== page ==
Paper No. 3
Presentation Time: 9:00 AM-6:00 PM


PORTER, Ryan C.1, FOUCH, Matthew J.1, WEST, John D.2 and ALLISON, Chelsea M.2, (1)Department of Terrestrial Magnetism, Carnegie Institution of Washington, 5241 Broad Branch Road, NW, Washington, DC 20015, (2)School of Earth and Space Exploration, Arizona State University, P.O. Box 871404, Tempe, AZ 85287,

The deployment of EarthScope Transportable Array (TA) seismometers provides the ability to examine the crust and upper mantle beneath the US in unprecedented detail. We use data from the TA and other openly available seismic stations to image sharp structural layers and measure bulk shear wave velocities for the southwestern US. The goal is both to better understand the Cenozoic evolution of the region and to explore the relationship between crustal and upper mantle processes in an area of active tectonism.

Initial results from this work support the hypothesis that the upper mantle in the southwestern US is actively deforming and that this deformation is driving many of the processes occurring in the upper crust. Receiver functions show significant variations in crustal thicknesses and crustal shear velocities, calculated using Rayleigh wave tomography, are largely consistent within individual physiographic provinces. Within the upper mantle, we identify a high shear-velocity layer, which we interpret as lithosphere. A lower-velocity layer, interpreted as asthenosphere, typically underlies this. Based on these velocity measurements we estimate lithospheric thicknesses for the region which show significant variation in the depth of the lithosphere asthenosphere boundary (LAB). Sharp gradients in LAB depth often correlate with physiographic boundaries, regions of active volcanism, topography, and regions of concentrated strain. Based on LAB depths we identify several regions of thinned mantle lithosphere. This thinning is likely caused by shear stresses related to extension or to the mechanical removal of lithospheric material. This process of lithospheric removal has previously been hypothesized for several areas in the southwestern US based on body-wave tomography studies that show high-velocity features in the upper asthenosphere.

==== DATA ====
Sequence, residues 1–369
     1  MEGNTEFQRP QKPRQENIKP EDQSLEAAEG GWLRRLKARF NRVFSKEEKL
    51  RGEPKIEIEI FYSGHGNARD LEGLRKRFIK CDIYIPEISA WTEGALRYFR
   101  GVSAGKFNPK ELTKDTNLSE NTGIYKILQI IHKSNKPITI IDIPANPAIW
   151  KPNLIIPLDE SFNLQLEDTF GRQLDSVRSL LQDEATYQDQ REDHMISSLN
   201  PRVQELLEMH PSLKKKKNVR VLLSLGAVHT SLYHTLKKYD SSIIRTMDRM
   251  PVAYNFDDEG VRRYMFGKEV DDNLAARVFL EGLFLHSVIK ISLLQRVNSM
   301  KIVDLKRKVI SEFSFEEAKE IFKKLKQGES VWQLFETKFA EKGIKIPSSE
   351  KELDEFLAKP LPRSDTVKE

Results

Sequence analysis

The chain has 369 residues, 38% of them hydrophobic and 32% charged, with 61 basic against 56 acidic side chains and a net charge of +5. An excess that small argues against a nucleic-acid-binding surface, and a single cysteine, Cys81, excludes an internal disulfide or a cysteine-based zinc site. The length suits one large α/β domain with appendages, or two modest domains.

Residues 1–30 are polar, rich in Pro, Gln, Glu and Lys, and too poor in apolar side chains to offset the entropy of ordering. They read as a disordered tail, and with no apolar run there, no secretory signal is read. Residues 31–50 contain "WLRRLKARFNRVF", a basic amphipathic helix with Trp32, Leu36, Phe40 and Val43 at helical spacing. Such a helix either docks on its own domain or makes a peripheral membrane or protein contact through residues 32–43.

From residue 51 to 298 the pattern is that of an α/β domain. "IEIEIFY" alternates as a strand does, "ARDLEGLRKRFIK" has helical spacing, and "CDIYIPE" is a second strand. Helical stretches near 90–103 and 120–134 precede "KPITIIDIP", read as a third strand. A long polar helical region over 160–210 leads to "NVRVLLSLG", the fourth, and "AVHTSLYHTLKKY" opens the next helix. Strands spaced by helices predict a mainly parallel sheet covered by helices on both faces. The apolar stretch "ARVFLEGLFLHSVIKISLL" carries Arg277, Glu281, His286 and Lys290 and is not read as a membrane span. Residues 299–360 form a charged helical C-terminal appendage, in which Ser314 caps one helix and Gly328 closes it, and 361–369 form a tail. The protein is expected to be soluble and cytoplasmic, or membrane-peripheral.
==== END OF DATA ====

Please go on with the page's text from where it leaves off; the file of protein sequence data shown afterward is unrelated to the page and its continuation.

Our results suggest that the upper-mantle within the southwestern SW US has been significantly reworked since the end of the Laramide orogeny. This has produced significant variations in lithospheric thickness that correlate well with topography, volcanism, seismicity and crustal thickness, suggesting that the mantle lithosphere has a large impact on strain within the crust.